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Watching Out For Students By Breaking Their Privacy. Is It Valid Or Invalid?
Social Media surveillance has raised issues like feeling of oppression with use of advanced technologies like facial recognition without apt security measures. Should the discussion of safety over freedom be encouraged?
FREMONT, CA: While scrolling through a student’s social networking accounts, chats, and email, it is most likely to stir up a few ingenious posts, but it is majorly harmless. The idea of constant monitoring may sometimes ignite threats, but the information obtained is again lost into the oblivion of lost privacy.
The surveillance of social media comes under a section of hardened school security measures, which are no less than metal detectors, with in-school video surveillance making students feel coldness towards the school. It will project an un-favorable feeling towards learning rather than being warm and welcoming. There have been claims from several institutions and schools about the in-school video surveillance that has made students feel more exposed and vulnerable. Attention toward this factor is highlighted since recent years to build positive school culture.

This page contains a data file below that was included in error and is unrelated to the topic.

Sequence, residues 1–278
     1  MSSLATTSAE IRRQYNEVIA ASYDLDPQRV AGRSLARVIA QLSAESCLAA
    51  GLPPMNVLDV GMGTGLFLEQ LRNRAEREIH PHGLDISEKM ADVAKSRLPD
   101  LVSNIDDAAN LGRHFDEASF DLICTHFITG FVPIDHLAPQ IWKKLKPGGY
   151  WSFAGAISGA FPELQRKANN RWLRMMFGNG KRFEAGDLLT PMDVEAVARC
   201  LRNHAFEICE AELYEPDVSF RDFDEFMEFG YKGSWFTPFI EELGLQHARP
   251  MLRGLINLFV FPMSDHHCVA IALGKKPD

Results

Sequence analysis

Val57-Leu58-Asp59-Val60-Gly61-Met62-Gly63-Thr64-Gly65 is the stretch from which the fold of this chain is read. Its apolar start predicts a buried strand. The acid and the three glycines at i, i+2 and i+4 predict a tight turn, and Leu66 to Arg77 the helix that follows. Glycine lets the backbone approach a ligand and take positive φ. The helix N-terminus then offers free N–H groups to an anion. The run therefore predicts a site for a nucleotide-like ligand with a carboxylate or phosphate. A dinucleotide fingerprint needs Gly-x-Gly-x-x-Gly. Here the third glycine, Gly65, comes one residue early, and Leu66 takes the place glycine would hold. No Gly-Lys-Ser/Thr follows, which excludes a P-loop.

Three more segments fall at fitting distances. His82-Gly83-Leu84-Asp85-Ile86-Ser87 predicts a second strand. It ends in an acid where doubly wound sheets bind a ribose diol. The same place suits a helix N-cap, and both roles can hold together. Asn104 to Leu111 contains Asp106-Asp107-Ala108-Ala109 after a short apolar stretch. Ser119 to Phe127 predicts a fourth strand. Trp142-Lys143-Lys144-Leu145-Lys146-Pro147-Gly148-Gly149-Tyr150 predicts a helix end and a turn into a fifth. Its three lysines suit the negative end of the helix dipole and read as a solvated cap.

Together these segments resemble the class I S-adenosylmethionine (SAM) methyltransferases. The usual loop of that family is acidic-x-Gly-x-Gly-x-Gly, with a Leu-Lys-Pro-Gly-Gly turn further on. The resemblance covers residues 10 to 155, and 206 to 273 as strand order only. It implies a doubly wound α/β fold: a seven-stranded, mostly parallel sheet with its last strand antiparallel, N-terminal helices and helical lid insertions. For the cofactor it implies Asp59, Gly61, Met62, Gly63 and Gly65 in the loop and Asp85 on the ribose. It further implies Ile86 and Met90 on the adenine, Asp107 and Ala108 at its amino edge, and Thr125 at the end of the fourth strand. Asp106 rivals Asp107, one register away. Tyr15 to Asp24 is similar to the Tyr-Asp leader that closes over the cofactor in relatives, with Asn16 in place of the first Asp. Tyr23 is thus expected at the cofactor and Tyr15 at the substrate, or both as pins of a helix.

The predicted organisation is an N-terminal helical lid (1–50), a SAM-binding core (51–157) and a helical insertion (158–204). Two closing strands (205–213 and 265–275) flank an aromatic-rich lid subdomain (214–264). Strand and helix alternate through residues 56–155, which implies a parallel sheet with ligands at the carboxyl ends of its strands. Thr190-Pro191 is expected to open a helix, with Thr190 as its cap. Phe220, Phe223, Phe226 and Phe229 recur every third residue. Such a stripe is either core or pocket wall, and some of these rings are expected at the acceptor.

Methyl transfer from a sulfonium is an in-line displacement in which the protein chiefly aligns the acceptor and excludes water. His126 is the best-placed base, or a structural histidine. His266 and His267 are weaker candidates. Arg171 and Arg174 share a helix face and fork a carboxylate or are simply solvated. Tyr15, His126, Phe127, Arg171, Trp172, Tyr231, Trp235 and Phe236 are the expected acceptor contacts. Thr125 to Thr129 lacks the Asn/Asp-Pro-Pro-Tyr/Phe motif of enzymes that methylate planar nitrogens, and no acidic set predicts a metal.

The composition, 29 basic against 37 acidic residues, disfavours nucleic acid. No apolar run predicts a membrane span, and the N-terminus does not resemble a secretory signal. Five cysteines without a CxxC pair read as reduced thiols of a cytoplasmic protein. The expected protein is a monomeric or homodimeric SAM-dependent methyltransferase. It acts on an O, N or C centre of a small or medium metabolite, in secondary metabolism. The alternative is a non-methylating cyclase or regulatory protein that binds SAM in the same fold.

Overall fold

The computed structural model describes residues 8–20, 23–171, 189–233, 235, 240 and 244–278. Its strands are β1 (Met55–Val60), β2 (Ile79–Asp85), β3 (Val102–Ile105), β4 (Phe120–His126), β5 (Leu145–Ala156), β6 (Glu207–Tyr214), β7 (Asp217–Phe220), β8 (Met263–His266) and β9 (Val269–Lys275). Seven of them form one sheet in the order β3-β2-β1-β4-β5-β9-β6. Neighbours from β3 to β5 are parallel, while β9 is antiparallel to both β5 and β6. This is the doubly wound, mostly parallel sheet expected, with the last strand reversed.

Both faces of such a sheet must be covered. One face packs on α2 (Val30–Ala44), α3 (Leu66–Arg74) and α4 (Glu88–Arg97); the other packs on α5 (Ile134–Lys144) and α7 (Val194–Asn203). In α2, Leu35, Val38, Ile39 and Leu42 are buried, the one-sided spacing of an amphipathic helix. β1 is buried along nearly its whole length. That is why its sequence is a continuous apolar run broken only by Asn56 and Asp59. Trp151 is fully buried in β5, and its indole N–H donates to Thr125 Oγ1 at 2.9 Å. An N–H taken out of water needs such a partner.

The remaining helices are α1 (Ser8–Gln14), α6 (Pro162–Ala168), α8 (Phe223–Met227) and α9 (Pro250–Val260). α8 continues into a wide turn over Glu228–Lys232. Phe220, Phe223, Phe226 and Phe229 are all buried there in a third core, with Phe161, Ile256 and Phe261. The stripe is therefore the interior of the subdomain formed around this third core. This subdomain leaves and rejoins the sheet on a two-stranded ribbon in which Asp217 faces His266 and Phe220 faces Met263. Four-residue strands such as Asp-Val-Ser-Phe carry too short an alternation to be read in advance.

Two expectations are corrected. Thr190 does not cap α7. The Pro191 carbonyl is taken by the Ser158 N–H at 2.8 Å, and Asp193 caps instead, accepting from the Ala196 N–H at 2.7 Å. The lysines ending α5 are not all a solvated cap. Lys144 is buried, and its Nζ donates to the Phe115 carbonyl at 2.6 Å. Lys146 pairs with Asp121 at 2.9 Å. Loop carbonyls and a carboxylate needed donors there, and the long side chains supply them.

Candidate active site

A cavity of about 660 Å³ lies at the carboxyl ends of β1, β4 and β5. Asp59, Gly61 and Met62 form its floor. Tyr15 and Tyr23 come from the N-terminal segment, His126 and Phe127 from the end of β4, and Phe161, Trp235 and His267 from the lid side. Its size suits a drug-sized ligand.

The loss of privacy, along with identity theft with the collection of data using facial recognition technology, is highlighted as a serious threat. The vendors flaunt the ability to capture data related to students but focus less than possible on how the captured data is safe and protected, and who has access to this private information.
With announcements of student protection from shootings being the primary concern, hardened security measures have raised questions related to insipid use of facial recognition software. Events like the perpetrator being a faculty member or an apprentice scanned into the system can further trigger an attack. There are scenarios where the shooter has made concerning posts and videos before the attacks, which supports the argument that social media is a truly public platform and students should be careful while indulging in conversations through servers that are not private.
The protection of students comes at a cost, and a significant part of that price is the loss of privacy. The related institutions are investing the resources into a plethora of surveillance systems and administrators. Communities are encouraged to weigh in for the discussions conducted elaborating the importance of safety over the feeling of being oppressed that many students have experience.